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12:02 pm: I Heart Spock – my meandering reminiscence of my life-long love affair with a certain Superversive V

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History has overlooked one of my favorite Star Trek characters. You never hear her name any more, even though you hear Uhura all the time. But no one ever mentions Nurse Chapel, but I loved Nurse Chapel as a girl.

Because she loved Spock.

Spock 7

The thought of the unrequited love that this fine young woman (played by Roddenberry’s wife, Majel Barrett, who was also the voice of the ship’s computer) held for the calm, logical Mr. Spock delighted my teenage heart. Especially in the Amok Time episode, where she looked so hopeful when he suddenly got emotional.

I felt so sorry for her.

(Amusing note: Until this very day, I had always thought it was called Amuck Time…meaning the time when Vulcans’ emotions went amuck. )

I loved Spock, too. And like Nurse Chapel, I longed to have a chance to draw his attention. But even more than that, I wanted to be Spock.

The first step to being Spock was to look like Spock.

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I was a slender girl with long hair, so that did limit my ability to look like him…a bit. Other than that, though, you would think a Star Trek uniform would be relatively easy. Blue shirt. Black pants. Gold braid.

But no. My parents felt that was not done for girls to wear black pants. Apparently, this was a thing back then, thinking that only mature women were allowed to wear something that scandalous. So, no black pants.

However, I did cut my black bangs straight across my forehead. And I wore a blue sweatshirt that Mom and I had sewed gold braid onto the sleeves there-of.

I remember the one time I got to borrow a pair of black slacks and wear them with my blue shirt. I felt so Spock-like walking down the road.

But the real kicker for me was not the lack of black pants, it was that I can’t raise just one eyebrow. My mom can do. And I worked at it and worked at it…to no avail. When one brow goes up, so does the other.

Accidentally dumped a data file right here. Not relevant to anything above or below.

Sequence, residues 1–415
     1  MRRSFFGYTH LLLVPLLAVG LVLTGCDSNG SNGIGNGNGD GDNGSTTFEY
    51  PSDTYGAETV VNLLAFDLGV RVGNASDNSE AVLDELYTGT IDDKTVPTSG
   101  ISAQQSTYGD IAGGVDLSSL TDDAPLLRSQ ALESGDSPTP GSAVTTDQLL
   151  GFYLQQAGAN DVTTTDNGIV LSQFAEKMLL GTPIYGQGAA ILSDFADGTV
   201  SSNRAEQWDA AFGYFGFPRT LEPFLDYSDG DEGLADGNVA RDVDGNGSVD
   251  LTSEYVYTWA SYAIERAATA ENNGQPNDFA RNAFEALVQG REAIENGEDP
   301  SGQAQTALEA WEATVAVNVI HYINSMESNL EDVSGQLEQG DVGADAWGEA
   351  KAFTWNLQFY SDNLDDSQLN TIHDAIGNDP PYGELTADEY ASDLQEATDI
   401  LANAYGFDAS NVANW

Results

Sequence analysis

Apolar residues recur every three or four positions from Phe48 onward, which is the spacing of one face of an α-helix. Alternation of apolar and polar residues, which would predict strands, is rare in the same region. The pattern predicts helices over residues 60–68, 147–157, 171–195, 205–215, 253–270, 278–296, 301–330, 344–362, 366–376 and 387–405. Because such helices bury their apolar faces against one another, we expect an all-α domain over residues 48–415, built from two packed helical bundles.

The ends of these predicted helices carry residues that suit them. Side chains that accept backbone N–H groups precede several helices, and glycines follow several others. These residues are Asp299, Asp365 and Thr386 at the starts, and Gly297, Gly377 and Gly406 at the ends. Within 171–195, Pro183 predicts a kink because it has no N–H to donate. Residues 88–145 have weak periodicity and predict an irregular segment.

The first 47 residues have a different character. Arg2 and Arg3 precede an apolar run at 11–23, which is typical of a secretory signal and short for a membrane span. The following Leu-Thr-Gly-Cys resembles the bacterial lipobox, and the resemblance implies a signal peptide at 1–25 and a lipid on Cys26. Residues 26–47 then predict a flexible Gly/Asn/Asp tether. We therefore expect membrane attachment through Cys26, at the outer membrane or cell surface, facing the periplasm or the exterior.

Truly a sad thing.

(My favorite Jim Butcher line is still: He spocked an eyebrow.)

Spock 1

But I did not love Spock simply for his outfit or even his eyebrow. I loved him for his Superversiveness.

How was Spock superversive, you ask? Spock was the single impressive symbol of self-control in an age that celebrated indulgence.

Everything in our modern culture screams self-indulgence. Do drugs. Have sex. Let it all hang out. Scream and shout in public like sit-com characters—only now real people act that way, too. Do it your way. Don’t repress. Drink. Smoke. Life is a party. And anyone who says otherwise is a Victorian. A prude. A symbol of ridicule.

But not Spock.

He was the champion of logic. He was the Knight of Science. Kids could admire him and his reserved ways without anyone associating them with the Old Guard of the previous culture, who were so despised.

To quote Spoke himself, he was “fascinating.”

I read an article after Leonard Nimoy’s death praising Data for wanting to be human and condemning Spock for struggling not to be human. I could not disagree more. I loved Data, but he was trying to achieve something we already have, because he suffered from a lack of humanity.

Spock was not like that. He had plenty of humanity, but he tried to resist the worst of it. The fact that he occasionally failed was one of the things that made him so utterly delightful.

Or should I say fascinating?

 

Spoke was delightful in a way that the other Vulcans in Star Trek never quite achieved. Some of them were cool or fun to watch. But none of them had that magical twinkle nor the drama that came from the battle of two natures.

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That battle of two natures was a familiar one to teenage me. As an overly-emotional teenager living in an overly-emotional environment, I could have used a lot more Spock-like qualities in my environment.

And I knew it.

I wanted to be like Spock partially because I so obviously wasn’t.

I was around ten when we first found Star Trek. My brother and I discovered it through the Saturday Morning cartoon, which I still love. They were terrific.

The involvement of Star Trek in my life went beyond just watching. My father distributed television programs, and for one short time, he was distributing some Star Trek episodes. I worked for him. Ordinarily, I made $2 an hour (not a bad wage back then for a teen). But because he considered me an expert, when I did work on Star Trek for him, I got paid $10.

It was Heaven.

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My father believed in fresh air and used to send us outside for much of the day. One summer, we kind of tricked him. We figures out how to turn the space under the front stairs into a fort…so we could sit around even though we were outside.

All summer we played Star Trek. I was Spock. My brother was Sulu. My cousin Ariel was Kirk. Our story involved the crew as kids. Their parents all had the exact position they later had, while Kirk, Spock, etc. snuck around through the ship using secret passages the adults either didn’t know about or couldn’t fit through. (There was also a sister ship that had an equal and opposite compliment of crew of the opposite sex, so that everyone would have someone to marry. The only one I still remember was the brash female captain counterpart for Kirk, whose name was Cindy.)